I have a set of features (a few hundreds, can grow to a couple of thousands), which have a latitude and longitude. They are not stored in a database because they change frequently (another system is keeping track of them and feeding them to systems including the one in question).

I want to just keep them in memory because the information is very volatile (the objects will be moving on the map).

What is the best Java API I can use to query the closest N features of a certain type to a specific point?

I was looking at either JTS or GeoTools (which uses JTS under the hood), but couldn't find any examples of "find the nearest N features" (maybe I was looking at the wrong thing or searched with the wrong keywords).

JTS seems to have a KDTree that I gather is an efficient data structure for what I need? But no idea how to go from there.

The answer to Finding N nearest points to point using JTS? seems to indicate that more work is needed to do it, but there surely must be a way to do it from the APIs available that I am just missing, because this is such a common requirement (closest restaurants, closest ATMs etc.).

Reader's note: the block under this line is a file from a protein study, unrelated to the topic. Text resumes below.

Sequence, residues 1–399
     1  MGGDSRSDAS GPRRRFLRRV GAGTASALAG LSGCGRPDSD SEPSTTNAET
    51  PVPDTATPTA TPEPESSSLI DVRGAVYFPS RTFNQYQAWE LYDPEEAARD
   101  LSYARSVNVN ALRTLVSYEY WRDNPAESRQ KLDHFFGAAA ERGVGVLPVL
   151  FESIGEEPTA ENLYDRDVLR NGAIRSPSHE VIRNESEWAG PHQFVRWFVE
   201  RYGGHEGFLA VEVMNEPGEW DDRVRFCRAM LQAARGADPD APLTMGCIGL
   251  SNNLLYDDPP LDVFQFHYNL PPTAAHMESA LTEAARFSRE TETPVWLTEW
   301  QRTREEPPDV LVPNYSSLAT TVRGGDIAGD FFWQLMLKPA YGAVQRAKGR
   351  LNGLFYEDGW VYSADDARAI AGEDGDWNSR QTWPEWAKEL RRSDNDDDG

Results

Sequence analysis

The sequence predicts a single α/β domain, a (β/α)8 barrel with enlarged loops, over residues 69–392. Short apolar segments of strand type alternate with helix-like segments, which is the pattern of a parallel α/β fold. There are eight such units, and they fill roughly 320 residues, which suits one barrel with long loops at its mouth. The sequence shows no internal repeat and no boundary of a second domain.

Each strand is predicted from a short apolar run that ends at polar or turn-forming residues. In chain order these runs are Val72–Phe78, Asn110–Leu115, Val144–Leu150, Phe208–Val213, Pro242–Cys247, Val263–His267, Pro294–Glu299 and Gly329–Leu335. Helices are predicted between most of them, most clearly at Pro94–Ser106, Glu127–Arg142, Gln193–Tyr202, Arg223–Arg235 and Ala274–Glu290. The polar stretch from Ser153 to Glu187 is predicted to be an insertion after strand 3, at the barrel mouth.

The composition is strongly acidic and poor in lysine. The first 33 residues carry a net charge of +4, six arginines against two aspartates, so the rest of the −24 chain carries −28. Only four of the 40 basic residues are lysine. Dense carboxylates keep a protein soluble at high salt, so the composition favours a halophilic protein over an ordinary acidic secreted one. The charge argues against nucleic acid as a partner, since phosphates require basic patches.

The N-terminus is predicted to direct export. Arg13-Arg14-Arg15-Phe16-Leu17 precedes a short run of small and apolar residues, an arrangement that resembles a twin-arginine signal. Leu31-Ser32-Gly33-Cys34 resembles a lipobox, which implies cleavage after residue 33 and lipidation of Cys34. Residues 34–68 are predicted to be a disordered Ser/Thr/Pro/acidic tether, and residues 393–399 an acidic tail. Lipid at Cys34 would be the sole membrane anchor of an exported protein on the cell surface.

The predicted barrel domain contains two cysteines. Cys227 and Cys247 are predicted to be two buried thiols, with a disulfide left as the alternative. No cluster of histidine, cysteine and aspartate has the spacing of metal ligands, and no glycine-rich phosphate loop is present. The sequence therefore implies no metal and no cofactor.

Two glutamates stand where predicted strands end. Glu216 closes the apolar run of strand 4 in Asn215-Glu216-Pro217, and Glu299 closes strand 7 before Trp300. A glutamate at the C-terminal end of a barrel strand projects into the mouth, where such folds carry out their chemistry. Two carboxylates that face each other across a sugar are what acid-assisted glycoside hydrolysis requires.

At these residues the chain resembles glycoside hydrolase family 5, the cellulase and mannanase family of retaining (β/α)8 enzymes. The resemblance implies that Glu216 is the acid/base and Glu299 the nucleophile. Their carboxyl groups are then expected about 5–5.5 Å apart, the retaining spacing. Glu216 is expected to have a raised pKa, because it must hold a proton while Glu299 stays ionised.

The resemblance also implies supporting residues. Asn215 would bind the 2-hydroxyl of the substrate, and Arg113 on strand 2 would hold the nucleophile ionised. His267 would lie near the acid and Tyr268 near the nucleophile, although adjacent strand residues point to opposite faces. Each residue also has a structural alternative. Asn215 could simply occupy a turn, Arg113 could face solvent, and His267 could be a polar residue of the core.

1 Answer 1


While JTS does have a KdTree implementation, which is the most efficient spatial index for points, that class does not yet have a nearest-neighbours capability.

The STRtree class does have a k-nearest-neighbours method, but unfortunately that implementation is not dynamic, so may not work for your use case.

So you may have to use the approach given in Finding N nearest points to point using JTS?.

Keep in mind the caveat about geodetic distance vs planar distance. If geodetic distance is required you may need a more sophisticated algorithm.

  • I do have a function (I had ported it from JS that I found somewhere on a question here) that calculates distance using the earth radius etc. (I think it assumes the Earth is a sphere) so I think that is not a problem. Assuming that is available, can you update your answer with the right steps (just pseudo code) to find the nearest features of interest from a KDTree? Otherwise what if I built the STRtree from scratch from the data I have available each time I have a new query would that be a bad idea? (I have only a few thousand features of interest)
    – jbx
    Commented May 2, 2019 at 7:59
  • You can use the same approach as in [gis.stackexchange.com/questions/158635] but use a KDtree. As for rebuilding a tree on each query, that is going to be slower than simply iterating over all data items.
    – dr_jts
    Commented May 2, 2019 at 17:57

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